May 23, 2019
In this episode,
Dr. Vincent DeLeo talks to Dr. Robert G. Micheletti about
managing patients with calciphylaxis, a rare but potentially
fatal condition classically seen in patients with end-stage renal
disease (ESRD). Early recognition and diagnosis of calciphylaxis
are essential to reducing morbidity and mortality. Dr. Micheletti
describes the clinical features of calciphylaxis that
dermatologists may encounter bedside, noting that biopsy often is
nondefinitive. “It’s a tough disease to have," Dr. Micheletti
explains, "which is why you do need multidisciplinary care and the
help of a good dermatologist to be able to make the diagnosis and
address the wound situation.”
We also bring you the latest in dermatology news and
Atopic dermatitis in adults is associated with increased risk of
U.S. measles total sees smallest increase in 2 months.
- Dr. Dee Anna Glaser, professor in the department of
dermatology, Saint Louis University, discusses diagnosis and
treatment advice for hyperhidrosis.
Things you will learn in this episode:
- Although calciphylaxis commonly is associated with ESRD,
nonuremic calciphylaxis can be triggered by other clinical factors
in a subset of patients without ESRD.
- Risk factors for calciphylaxis include various medications,
clotting disorders, and autoimmune diseases, whether the patient
also has ESRD.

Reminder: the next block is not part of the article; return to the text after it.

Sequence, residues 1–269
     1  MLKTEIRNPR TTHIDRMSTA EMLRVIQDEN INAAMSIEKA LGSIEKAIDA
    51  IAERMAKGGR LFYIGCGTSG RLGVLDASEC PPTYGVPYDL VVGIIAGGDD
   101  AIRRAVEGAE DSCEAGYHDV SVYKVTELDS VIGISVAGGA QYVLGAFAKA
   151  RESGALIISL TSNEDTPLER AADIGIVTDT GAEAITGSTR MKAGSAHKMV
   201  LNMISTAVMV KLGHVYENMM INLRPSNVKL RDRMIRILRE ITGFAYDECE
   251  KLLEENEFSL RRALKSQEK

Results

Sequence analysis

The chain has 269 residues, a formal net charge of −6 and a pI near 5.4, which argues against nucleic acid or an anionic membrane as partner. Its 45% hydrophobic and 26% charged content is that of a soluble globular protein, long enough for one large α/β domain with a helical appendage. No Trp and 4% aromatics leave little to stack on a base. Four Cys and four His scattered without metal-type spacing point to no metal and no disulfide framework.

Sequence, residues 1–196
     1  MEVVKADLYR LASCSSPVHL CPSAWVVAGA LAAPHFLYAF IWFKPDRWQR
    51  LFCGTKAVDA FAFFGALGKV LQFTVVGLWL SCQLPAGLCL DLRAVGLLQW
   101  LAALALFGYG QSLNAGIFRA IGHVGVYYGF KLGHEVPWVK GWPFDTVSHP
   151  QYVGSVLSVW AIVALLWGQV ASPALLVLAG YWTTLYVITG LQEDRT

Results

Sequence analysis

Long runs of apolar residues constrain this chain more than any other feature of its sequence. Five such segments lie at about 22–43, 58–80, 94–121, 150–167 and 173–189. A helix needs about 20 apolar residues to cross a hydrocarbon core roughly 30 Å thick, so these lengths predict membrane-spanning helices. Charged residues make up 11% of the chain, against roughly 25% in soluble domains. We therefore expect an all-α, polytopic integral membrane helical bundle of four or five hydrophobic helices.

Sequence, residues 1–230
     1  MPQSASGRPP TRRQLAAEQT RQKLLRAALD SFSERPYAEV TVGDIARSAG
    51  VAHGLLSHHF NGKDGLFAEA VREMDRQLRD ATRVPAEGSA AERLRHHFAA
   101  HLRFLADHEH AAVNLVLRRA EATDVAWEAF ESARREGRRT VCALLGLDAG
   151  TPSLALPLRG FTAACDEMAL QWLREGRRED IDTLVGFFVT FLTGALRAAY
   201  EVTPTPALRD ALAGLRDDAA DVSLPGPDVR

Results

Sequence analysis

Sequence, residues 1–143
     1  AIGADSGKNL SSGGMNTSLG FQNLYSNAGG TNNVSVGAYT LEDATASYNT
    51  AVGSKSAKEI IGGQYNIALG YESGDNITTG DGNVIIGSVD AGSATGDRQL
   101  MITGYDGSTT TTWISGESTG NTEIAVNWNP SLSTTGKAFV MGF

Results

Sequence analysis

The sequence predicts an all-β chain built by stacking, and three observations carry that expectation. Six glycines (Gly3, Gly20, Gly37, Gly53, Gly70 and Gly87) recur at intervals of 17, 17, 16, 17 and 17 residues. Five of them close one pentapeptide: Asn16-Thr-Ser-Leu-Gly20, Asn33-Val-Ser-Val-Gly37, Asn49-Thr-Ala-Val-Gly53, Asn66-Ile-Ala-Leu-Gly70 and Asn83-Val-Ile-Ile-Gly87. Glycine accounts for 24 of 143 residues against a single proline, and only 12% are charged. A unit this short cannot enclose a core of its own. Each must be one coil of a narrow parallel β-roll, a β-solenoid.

- The clinical presentation of calciphylaxis depends on the point
at which the area is examined. Early stages of calciphylaxis may
present as a tender subcutaneous nodule, while late stages may
present with more severe pain and ulceration. Maintain a high index
of suspicion for calciphylaxis in patients with ESRD on chronic
dialysis presenting with severely painful livedoid plaques or
retiform purpura, particularly in fat-rich body sites.
- Biopsy often is nondiagnostic because of insufficient tissue
sample size. Calcium stains will help highlight areas of vascular
calcification, but “don’t assume just because the biopsy doesn’t
show calcification that it is not calciphylaxis.” To improve
diagnostic accuracy, biopsy specimens should be evaluated by
experienced dermatopathologists who have seen calciphylaxis
- End-stage renal disease patients with calciphylaxis who are not
currently on dialysis may benefit from starting it.
- Dermatologists should work in conjunction with nephrologists to
optimize dialysis and other medications to treat underlying issues
associated with calciphylaxis in the setting of ESRD.
- Data-driven diagnostic criteria and management guidelines for
calciphylaxis are needed to improve patient care. The Society for
Dermatology Hospitalists is working on pooling cases of
calciphylaxis to generate a data-driven model of factors associated
with the diagnosis.
Hosts: Elizabeth Mechcatie; Terry Rudd; Vincent A. DeLeo, MD
(University of Southern California, Los Angeles).
Guest: Robert G. Micheletti, MD (Departments of Dermatology and
Medicine, University of Pennsylvania, Philadelphia).
Show notes by Alicia Sonners, Melissa Sears, and Elizabeth
Contact us: firstname.lastname@example.org
Rate us on
To subscribe to this podcast and more, go to mdedge.com/podcasts.